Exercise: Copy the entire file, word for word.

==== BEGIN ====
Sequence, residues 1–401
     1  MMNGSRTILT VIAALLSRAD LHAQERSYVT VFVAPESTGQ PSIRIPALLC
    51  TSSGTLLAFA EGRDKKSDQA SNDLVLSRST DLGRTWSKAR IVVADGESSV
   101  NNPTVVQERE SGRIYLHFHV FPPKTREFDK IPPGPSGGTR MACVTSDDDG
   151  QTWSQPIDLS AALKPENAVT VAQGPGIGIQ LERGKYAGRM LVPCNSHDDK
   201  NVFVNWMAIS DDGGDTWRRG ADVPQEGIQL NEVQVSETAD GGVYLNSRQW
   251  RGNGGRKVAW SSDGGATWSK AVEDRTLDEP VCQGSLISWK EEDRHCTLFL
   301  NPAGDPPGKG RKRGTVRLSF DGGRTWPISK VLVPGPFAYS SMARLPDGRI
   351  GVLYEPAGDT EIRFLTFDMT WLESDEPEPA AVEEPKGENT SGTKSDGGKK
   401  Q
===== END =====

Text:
Sequence, residues 1–401
     1  MMNGSRTILT VIAALLSRAD LHAQERSYVT VFVAPESTGQ PSIRIPALLC
    51  TSSGTLLAFA EGRDKKSDQA SNDLVLSRST DLGRTWSKAR IVVADGESSV
   101  NNPTVVQERE SGRIYLHFHV FPPKTREFDK IPPGPSGGTR MACVTSDDDG
   151  QTWSQPIDLS AALKPENAVT VAQGPGIGIQ LERGKYAGRM LVPCNSHDDK
   201  NVFVNWMAIS DDGGDTWRRG ADVPQEGIQL NEVQVSETAD GGVYLNSRQW
   251  RGNGGRKVAW SSDGGATWSK AVEDRTLDEP VCQGSLISWK EEDRHCTLFL
   301  NPAGDPPGKG RKRGTVRLSF DGGRTWPISK VLVPGPFAYS SMARLPDGRI
   351  GVLYEPAGDT EIRFLTFDMT WLESDEPEPA AVEEPKGENT SGTKSDGGKK
   401  Q